In the 1970s when as a young man I first became critical of nationalised industries, I identified there main features of them I did not like. They were bad for their customers. They usually overcharged them, with high rates of price increase. They failed to innovate or hit high standards of customer service. They were bad for their employees. You had a high chance of losing your job if you worked for the nationalised steel or coal or rail businesses, as they went through redundancy programme after redundancy programme. They were bad for taxpayers, as they racked up huge borrowings and losses which required taxpayer subsidies and write offs on a large scale.
The current nationalised business which comes closest to some of these features today is the nationalised provision of roadspace. It is a monopoly supply, provided mainly by Councils with the biggest and most successful roads supplied by the national government. They are provided free at the point of use, but there are huge charges on motorists who pay many times over the cost of the provision through special taxes on motoring. The cost of provision for taxpayers is also high. The monopolist rations the supply, creating congestion and inconvenience. The Highways executives often occupy the road for weeks on end for improvements or alterations, and do not seem to have a sense of urgency in getting roads back into use. Some of the works they call improvements intensify the congestion and sometimes pit different kinds of road users against each other in unhelpful ways.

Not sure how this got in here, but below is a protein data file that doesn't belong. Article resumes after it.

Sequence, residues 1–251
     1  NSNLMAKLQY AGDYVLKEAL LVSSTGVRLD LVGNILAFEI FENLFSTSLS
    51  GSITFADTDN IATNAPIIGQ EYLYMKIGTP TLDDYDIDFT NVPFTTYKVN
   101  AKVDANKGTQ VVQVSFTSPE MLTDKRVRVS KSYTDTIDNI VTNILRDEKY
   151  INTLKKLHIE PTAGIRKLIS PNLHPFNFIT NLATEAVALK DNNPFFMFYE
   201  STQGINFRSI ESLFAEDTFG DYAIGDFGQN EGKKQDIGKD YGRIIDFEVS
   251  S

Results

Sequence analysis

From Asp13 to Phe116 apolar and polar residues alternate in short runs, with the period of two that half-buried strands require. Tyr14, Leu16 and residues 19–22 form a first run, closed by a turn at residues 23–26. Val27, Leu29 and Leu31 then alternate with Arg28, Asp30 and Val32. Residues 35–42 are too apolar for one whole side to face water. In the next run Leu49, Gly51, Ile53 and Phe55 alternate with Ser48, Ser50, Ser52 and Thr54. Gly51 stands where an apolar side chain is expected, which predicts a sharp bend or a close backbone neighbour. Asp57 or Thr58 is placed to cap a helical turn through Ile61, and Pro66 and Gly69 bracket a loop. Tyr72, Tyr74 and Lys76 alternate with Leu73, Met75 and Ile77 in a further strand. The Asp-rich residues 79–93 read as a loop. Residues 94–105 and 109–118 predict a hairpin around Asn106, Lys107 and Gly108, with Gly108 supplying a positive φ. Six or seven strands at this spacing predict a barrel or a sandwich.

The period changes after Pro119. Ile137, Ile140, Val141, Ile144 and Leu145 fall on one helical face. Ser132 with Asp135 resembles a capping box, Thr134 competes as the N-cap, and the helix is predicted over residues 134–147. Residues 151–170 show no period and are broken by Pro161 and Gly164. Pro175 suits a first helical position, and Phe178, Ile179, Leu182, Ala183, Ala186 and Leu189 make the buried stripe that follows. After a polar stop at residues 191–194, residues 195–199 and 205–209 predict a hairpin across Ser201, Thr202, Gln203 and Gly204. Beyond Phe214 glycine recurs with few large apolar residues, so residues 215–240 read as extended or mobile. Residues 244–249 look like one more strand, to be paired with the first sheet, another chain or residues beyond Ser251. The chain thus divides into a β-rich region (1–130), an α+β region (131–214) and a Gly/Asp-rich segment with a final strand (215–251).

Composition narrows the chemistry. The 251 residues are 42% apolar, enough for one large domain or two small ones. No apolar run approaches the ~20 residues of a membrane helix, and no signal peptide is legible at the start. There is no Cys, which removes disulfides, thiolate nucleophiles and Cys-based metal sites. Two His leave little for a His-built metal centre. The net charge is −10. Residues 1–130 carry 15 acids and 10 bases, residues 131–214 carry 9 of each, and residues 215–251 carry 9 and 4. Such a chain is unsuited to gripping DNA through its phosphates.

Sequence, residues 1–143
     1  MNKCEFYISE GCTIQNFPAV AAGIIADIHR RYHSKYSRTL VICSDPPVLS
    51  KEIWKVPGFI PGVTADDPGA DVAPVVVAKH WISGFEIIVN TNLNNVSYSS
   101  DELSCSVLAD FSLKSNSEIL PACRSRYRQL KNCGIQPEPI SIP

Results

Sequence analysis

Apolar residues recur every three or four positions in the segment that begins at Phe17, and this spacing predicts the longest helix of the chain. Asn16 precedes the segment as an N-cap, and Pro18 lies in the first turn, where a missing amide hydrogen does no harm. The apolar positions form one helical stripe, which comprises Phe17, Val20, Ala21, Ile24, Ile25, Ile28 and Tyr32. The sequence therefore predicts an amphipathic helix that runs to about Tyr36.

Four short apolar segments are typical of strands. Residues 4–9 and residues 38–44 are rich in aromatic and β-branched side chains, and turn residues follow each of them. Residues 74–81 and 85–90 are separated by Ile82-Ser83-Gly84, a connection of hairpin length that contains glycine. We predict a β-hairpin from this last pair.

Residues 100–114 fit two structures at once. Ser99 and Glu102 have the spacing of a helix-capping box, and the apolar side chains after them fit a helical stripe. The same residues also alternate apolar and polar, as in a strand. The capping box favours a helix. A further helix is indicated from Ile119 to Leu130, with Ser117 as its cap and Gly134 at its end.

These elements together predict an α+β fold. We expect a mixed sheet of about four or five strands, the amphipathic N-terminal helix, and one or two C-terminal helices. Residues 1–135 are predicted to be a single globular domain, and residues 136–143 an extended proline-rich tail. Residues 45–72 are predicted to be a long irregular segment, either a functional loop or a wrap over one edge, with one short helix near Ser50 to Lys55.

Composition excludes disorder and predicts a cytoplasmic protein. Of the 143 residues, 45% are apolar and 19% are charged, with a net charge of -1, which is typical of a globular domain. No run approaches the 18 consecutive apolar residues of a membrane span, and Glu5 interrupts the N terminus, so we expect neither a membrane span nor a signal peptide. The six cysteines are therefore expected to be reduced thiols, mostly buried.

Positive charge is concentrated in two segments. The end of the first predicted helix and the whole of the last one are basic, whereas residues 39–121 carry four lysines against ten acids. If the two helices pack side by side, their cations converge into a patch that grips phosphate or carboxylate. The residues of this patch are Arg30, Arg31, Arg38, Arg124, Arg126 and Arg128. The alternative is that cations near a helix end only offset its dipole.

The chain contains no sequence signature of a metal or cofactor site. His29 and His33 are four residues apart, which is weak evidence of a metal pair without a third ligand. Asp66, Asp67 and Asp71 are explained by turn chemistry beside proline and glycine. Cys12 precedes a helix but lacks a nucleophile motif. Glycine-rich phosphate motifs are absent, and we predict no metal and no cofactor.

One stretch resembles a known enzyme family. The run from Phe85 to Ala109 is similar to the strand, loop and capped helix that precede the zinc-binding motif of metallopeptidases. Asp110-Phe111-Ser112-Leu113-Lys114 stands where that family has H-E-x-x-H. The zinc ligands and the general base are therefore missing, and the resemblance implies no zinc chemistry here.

This year has seen misery about potholes, where some of the local highways authorities have been slow to respond to money available for pothole filling, and slow to respond to the general public mood to improve the quality of the surfaces. Potholes are particularly trying for cyclists. Let’s hope local highways departments take up Mr Grayling’s proposals to put utilities away from the main highway, to build better local strategic networks, and to tackle congestion more vigorously.